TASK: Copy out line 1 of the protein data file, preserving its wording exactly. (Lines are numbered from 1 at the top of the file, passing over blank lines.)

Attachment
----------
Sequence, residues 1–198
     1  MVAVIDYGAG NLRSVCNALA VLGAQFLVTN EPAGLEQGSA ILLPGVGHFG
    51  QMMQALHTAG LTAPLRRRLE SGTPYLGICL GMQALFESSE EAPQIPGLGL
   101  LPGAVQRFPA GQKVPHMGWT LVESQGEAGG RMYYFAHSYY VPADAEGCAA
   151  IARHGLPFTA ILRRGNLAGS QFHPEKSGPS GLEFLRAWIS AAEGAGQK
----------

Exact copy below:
Sequence, residues 1–198